3. To consider whether or not to apply to the court for its variation or discharge.

4. Directions available within Supervision Orders (at the direction of the court)

Directions can be made, which are sometimes relevant for older children, e.g. requiring them to live in a specific place in the case of a child who persists in returning to the home of a person who is a risk), or requiring them to attend medical appointments (e.g. a child with anorexia or self-harming or other diagnosed mental health problems). There may be other circumstances in which directions are appropriate.

A Supervision Order may require the supervised child to comply with any directions given from time to time by the supervisor which require him to do all or any of the following things:

  1. To live at a place or places specified in the directions for a period or periods so specified;
  2. To present himself to a person or persons specified in the directions at a place or places and on a  day or days so specified;
  3. To participate in activities specified in the directions on a day or days so specified.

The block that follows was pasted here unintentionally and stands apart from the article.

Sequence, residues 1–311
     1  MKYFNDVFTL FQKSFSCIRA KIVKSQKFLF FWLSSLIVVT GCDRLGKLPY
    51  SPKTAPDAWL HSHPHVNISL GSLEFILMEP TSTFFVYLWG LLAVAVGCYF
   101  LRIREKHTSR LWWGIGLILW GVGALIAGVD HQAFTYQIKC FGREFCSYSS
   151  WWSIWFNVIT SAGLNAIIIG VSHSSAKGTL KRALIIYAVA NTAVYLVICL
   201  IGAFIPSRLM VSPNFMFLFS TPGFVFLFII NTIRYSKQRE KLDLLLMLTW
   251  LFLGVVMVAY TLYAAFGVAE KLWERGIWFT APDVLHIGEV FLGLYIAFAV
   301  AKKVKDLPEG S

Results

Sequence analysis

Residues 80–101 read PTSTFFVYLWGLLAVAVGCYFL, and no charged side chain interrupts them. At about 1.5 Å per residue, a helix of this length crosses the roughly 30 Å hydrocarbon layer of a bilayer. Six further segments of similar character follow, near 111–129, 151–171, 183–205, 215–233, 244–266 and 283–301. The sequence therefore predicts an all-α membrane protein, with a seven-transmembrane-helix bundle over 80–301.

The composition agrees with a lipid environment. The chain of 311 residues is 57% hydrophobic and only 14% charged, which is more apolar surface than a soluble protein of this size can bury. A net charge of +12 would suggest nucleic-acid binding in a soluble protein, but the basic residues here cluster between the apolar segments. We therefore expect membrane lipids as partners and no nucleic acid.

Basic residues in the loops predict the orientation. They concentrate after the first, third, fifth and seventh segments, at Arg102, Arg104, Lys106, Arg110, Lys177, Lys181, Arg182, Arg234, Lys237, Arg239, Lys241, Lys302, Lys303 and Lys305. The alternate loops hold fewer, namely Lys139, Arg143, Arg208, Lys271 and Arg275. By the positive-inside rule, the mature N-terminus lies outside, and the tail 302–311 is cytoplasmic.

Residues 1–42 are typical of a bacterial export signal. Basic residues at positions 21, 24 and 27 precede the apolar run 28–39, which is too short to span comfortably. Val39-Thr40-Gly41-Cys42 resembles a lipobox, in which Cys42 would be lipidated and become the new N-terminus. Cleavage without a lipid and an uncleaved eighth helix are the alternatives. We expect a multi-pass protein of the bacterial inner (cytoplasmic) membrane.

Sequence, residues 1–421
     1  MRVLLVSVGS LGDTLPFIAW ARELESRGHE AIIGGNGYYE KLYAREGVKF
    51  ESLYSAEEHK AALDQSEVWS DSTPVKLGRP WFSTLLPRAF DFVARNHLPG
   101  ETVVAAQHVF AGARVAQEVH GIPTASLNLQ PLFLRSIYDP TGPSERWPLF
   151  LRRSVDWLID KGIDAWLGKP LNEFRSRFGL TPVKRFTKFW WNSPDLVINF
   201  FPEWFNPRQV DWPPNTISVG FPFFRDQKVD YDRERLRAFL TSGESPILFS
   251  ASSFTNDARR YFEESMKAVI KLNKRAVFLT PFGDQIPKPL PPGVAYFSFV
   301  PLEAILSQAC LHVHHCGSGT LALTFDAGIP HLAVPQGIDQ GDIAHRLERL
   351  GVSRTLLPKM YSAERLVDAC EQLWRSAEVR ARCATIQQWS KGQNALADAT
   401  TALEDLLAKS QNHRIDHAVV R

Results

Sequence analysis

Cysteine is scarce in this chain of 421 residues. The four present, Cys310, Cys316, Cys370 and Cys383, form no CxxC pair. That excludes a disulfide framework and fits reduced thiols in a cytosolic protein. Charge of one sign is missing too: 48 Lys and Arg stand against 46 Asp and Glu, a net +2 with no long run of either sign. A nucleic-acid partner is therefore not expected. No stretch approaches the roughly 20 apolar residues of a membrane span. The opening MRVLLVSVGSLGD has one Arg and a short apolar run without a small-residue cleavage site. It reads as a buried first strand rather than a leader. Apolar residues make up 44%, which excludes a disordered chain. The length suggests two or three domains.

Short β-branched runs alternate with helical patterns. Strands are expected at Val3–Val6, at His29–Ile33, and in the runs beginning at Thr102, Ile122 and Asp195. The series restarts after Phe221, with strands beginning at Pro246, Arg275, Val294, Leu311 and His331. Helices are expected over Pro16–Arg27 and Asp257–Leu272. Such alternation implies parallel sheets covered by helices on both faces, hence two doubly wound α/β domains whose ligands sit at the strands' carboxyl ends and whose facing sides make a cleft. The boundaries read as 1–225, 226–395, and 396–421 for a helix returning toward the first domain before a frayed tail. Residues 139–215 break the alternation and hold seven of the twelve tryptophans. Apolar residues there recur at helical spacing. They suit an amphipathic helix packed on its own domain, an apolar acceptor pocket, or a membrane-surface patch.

It shall be for the supervisor to decide whether, and to what extent, he exercises his power to give directions and to decide the form of any directions which he gives.

Within the Supervision Order there is the opportunity to impose obligations on a responsible person, (Schedule 3). This makes the requirements the responsibility of the parent/carer as well as the child, but it needs their consent at the final hearing to include it in the order.

(Paragraph 8) requires the responsible person to give details of the child's address and allow the supervisor reasonable contact with the child.

The responsible person, in relation to a supervised child means:

  1. Any person who has parental responsibility for the child; and
  2. Any other person with whom the child is living.